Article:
Mom becomes advocate after losing transgender teen to depression

Mom becomes advocate after losing transgender teen to depression
Joanne Lee holds a picture of her transgender son Skylar

People are changing the way they look at gender and how they identify themselves. But the depression and suicide rates for transgender youth are alarmingly high.

Joanne Lee said for those reasons, it’s time to have a real discussion about gender identity. For her, the conversation came too late to save her son Skylar.

“When Skylar was very young, he came to me and he was sad,” Lee said. “He told me, ‘Mom, I know this is my body but I don’t feel like this is my body.’ I didn’t understand at that the time. I didn’t get it.”

Lee is a Korean immigrant who moved to Madison to continue her work as a nurse. She admits now she spent a good portion of motherhood lost in translation. Her children were not the daughters she thought they were.

Her oldest child, Avi, now 19, came out to her in high school.

“No matter what I wore, no matter what I did, it never looked right when I actually looked in the mirror,” Avi said.

Avi said he knew at age 3 he was transgender but didn’t tell his mother until high school.

“It was awful,” Avi said.

Shortly after high school, Avi moved to the East Coast, leaving behind his younger sibling Skylar.

Skylar asked his mother for hormone therapy, but she denied him.

“My upbringing made me think, ‘This is not real,'” Lee said. “I’m a nurse and thought maybe he would change his mind, so wait until [he’s] 18. But they cannot wait.”

WEB EXCLUSIVE: Gender identity discussion

Skylar started chronicling his journey on YouTube in 2014, even admitting he was going to start getting testosterone shots without his parents’ knowledge. Friends say it is believed he may have received early shots from a friend who is also transgender, though Joanne eventually allowed Skylar to get hormone therapy legally. For six months he chronicled his transition online, but his attitude changed dramatically.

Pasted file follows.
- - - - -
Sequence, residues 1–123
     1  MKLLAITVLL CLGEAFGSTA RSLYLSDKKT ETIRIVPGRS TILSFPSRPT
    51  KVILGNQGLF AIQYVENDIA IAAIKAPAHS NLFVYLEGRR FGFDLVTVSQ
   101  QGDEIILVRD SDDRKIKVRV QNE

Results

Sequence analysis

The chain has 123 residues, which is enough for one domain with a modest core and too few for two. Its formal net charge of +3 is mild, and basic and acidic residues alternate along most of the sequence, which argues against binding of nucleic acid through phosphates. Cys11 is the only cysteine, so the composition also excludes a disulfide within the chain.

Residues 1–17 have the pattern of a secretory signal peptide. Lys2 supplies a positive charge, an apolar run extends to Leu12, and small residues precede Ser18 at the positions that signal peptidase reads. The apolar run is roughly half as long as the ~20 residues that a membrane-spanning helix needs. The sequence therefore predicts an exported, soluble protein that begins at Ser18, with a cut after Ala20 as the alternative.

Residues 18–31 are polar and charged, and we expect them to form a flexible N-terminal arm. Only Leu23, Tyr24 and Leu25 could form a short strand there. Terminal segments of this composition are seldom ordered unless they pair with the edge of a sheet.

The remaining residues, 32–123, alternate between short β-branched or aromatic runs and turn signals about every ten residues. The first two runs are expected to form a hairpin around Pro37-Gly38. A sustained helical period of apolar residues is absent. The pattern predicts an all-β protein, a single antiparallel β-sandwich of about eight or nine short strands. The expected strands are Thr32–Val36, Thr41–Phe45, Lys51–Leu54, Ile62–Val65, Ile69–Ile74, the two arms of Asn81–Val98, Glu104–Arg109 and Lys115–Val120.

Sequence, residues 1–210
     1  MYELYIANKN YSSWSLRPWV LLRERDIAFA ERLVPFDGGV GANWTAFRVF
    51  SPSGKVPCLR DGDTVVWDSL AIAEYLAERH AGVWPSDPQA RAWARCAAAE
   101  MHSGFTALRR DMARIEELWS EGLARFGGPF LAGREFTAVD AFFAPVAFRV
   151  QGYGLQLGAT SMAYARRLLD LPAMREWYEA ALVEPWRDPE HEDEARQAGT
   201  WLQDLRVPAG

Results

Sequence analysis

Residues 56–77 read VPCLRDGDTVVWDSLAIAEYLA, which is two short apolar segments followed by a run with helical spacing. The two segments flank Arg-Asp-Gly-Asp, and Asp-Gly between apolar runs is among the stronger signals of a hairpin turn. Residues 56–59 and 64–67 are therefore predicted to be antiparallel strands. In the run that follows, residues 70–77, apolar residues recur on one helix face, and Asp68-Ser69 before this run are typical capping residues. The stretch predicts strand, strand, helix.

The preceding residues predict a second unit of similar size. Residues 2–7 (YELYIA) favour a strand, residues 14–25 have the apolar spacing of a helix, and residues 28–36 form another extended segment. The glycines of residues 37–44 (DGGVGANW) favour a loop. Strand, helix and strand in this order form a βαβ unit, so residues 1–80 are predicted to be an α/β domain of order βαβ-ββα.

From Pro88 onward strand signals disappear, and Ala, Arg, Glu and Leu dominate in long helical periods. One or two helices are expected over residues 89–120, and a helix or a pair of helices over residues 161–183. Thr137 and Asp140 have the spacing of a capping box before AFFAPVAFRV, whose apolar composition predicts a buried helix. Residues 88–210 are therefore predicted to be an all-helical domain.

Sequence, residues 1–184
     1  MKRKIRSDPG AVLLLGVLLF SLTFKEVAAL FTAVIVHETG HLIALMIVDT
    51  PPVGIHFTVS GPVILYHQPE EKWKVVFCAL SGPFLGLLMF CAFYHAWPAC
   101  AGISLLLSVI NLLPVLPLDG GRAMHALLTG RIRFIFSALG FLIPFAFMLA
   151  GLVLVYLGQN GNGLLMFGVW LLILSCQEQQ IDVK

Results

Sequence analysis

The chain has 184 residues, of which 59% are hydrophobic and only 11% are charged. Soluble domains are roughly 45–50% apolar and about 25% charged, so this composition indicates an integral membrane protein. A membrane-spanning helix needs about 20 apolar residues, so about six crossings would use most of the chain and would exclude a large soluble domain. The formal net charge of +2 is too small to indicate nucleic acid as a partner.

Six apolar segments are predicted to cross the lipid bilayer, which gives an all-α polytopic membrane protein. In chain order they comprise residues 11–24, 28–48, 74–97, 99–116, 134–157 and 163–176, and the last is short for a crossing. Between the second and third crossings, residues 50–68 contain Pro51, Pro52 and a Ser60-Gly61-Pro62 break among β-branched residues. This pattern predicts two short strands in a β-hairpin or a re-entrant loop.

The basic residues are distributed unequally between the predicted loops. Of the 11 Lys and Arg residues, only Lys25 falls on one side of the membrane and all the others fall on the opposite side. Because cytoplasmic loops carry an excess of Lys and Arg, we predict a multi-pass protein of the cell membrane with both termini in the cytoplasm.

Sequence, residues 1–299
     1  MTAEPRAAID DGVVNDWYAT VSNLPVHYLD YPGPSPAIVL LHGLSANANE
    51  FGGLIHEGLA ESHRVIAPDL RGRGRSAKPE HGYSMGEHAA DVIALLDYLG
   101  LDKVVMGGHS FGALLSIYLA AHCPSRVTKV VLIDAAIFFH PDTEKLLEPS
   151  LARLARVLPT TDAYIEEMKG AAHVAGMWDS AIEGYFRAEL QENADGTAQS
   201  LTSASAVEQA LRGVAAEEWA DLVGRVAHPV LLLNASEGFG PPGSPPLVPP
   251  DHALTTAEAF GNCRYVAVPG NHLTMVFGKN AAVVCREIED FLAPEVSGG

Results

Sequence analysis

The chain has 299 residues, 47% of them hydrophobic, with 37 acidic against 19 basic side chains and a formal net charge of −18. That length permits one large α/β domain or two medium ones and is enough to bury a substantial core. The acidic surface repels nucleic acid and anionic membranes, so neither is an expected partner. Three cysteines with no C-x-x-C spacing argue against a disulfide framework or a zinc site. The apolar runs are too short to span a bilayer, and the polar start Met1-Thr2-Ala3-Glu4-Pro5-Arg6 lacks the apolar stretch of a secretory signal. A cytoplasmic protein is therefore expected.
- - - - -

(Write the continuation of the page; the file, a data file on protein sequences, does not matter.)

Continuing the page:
“I’m still noticing social changes and how people are talking to me and treating me in my early days of transition,” Skylar said on YouTube. “I feel like I’ve been getting more uncomfortable around people.”

Avi also recalls Skylar growing more unhappy.

“No matter how much I change, they’ll still see me as a girl,” Skylar once posted. “And that’s hurtful.”

By the end of September, Skylar ended his life at a public park. His suicide note appeared on his blog on Tumblr as a scheduled post, long after he was gone.

Family and friends have never revealed details of his death because they don’t want it to influence other young people to follow in his footsteps. Skylar’s last note even said that he didn’t want to be a sob story or another hashtag.

“He wrote, ‘Suicide is not beautiful,'” Joanne said. “And then he asked us as parents to fight. Their pain is immeasurable. I want to help parents who are in the same situation like me. It is the lifeline they accept who they are.”

Joanne once thought Skylar was too different but now she realizes all her child wanted was the same love. It is a message she will spend the rest of her life sharing with others.

“My Skylar wants to show me he exists, that he is valid,” Joanne said. “I never gave it to him. I’m really sorry but I cannot change it now. I learned now but it cost me my child’s life. I’m so sorry.”

Skylar was a fierce activist in the LGBTQ community who also believed racial justice and LGBTQ issues intersected.

If you or someone you know believes they are depressed, call the Trans Lifeline. That number is 1-877-565-8860.

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